Flintlock Marmoset Render B

Close-up 'beauty shot' render of Mandelbrot set member cubes (Mental Ray).

Flintlock Marmoset Render B

Animation showing detail refinement as iteration limit is incrementally increased. Iteration limit is a threshold at which cubes are assumed to be Mandelbrot set members (3DS Max viewport).

Flintlock Marmoset Render B

Zoomed-out render showing how small cubes compose an intricate fractal (Mental Ray).

Flintlock Marmoset Render B

Animation providing a holistic vantage point of the fractal (3DS Max viewport).

Flintlock Marmoset Render B

Screenshot depicting development of Mandelbrot algorithm in MAXScript (3DS Max viewport).

↓ View Description

Personal Work
Workflow: C++ prototype ➞ Implementation of Cube Array ➞ Implementation of Per-Cube Loop in which Mandelbrot Algorithm Nests ➞ Optimisations to Exclude Creation of Unnecessary Cubes ➞ Special Effects & Material Setup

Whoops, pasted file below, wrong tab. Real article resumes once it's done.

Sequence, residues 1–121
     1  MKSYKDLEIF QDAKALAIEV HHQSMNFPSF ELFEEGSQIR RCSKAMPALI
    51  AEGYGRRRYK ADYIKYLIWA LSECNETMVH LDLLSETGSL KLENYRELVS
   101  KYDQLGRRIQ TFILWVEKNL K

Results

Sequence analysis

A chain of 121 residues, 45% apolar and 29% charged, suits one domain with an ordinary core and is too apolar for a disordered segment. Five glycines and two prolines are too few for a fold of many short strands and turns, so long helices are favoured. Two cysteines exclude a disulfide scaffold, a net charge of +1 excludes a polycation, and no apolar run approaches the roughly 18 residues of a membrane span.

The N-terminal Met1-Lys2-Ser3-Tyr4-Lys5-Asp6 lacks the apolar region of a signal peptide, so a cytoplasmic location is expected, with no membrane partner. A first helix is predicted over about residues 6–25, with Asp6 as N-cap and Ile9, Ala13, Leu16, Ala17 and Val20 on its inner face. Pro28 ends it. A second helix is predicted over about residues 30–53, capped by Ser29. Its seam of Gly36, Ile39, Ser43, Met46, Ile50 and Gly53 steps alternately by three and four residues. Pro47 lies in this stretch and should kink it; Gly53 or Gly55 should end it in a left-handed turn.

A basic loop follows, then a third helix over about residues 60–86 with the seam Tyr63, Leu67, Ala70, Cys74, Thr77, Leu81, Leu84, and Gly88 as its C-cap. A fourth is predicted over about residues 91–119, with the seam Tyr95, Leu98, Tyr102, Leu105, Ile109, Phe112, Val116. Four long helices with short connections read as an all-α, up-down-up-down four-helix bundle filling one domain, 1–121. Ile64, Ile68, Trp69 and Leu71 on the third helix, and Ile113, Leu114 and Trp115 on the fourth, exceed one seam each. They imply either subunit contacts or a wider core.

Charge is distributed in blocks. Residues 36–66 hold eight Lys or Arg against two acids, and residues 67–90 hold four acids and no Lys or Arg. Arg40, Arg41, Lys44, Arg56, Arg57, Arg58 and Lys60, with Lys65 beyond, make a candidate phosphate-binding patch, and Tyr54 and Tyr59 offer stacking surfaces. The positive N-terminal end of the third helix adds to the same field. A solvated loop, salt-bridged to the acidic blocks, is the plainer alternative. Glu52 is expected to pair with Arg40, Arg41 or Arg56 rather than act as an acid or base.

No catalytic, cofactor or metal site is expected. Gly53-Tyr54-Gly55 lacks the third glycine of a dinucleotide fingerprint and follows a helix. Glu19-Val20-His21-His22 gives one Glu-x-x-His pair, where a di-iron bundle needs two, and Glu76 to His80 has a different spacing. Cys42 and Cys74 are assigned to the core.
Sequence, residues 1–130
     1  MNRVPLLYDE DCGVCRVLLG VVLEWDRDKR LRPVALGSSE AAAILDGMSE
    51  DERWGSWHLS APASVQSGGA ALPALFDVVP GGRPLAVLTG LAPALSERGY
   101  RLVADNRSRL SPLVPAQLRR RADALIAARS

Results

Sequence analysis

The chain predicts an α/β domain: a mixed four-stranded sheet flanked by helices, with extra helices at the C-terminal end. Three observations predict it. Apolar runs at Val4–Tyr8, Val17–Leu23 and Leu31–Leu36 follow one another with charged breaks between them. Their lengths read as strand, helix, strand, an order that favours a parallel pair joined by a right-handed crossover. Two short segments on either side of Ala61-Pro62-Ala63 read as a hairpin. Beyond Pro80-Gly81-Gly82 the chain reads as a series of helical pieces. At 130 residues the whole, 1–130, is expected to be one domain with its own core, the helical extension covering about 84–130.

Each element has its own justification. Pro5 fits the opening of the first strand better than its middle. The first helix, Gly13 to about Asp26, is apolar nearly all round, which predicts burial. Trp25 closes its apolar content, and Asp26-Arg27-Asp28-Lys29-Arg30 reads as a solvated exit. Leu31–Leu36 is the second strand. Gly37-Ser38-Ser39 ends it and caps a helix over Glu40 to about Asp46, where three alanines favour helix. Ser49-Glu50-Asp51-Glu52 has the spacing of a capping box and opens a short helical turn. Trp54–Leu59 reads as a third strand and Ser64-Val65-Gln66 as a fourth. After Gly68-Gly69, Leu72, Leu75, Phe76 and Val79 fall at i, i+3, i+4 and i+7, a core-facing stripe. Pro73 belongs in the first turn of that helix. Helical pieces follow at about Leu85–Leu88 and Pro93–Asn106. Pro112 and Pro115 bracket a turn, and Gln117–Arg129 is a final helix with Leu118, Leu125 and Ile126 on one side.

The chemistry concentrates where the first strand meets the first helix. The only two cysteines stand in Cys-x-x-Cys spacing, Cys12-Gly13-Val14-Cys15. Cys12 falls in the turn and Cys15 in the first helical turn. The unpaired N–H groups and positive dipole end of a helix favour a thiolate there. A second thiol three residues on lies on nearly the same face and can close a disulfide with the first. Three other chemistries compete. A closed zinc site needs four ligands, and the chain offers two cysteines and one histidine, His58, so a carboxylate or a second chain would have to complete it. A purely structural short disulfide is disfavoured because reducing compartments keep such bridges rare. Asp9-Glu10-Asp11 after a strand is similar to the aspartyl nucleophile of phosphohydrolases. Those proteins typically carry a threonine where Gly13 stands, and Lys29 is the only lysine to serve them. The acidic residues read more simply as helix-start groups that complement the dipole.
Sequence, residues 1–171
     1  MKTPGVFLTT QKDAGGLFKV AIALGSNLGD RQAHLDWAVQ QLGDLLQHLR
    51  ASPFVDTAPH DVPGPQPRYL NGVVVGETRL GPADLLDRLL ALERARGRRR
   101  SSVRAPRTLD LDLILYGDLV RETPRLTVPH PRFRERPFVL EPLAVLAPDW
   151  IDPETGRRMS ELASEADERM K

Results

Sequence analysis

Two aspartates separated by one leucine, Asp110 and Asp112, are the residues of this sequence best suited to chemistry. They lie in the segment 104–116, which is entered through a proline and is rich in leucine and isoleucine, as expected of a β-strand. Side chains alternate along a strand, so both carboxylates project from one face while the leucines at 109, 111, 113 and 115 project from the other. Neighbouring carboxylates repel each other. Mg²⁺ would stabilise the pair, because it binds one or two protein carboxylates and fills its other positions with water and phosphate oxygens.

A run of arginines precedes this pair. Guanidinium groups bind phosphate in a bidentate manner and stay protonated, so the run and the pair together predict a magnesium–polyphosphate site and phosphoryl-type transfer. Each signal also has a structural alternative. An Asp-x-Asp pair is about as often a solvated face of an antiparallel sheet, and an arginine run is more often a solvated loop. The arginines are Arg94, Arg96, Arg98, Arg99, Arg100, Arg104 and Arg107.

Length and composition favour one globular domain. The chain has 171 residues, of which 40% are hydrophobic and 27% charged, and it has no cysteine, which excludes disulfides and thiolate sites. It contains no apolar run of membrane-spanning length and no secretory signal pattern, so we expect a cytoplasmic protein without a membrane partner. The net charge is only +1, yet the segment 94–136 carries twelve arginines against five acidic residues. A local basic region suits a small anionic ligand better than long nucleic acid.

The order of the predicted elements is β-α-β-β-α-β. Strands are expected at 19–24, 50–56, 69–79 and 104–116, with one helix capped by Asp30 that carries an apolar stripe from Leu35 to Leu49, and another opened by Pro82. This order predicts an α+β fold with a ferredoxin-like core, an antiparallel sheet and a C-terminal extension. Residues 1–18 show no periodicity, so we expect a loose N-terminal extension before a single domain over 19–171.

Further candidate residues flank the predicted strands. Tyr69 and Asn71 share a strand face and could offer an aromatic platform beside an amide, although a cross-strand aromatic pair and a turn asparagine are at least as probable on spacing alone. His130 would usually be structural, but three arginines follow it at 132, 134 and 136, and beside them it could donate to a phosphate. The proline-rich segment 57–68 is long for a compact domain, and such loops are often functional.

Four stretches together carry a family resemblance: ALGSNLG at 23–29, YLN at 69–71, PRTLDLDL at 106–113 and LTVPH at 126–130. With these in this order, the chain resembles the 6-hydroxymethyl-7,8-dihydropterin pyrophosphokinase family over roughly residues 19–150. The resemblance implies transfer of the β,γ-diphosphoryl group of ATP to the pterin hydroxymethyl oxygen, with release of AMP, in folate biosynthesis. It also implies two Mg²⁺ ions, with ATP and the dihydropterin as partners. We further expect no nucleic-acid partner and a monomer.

The Mandelbrot set is an interesting phenomenon as it encapsulates an infinite number of elements. This makes it a good candidate for a data visualisation project. It can be defined with the following expressions:

M = \begin{Bmatrix}  c \in \mathbb{C} \mid \lim_{n \to \infty} Z_n \neq \infty  \end{Bmatrix}


Z_0 = c
Z_{n+1} = Z_n^2 + c

I set myself this project in order to learn MAXScript. The idea was to visualise the Mandelbrot set, a 2D entity, in a 3D environment. Rather than using the convention of pixels, I thought it befitting to instead use cubes, creating an unusual depiction of this mysterious fractal.

A detailed tutorial examining the implimentation of the Mandelbrot set in MAXScript can be found on my blog here: The Mandelbrot Set (MAXScript Fractal). A stripped-down version of the script (featuring only the Mandelbrot algorithm and no optimisations/special effects) is provided below in MS format.

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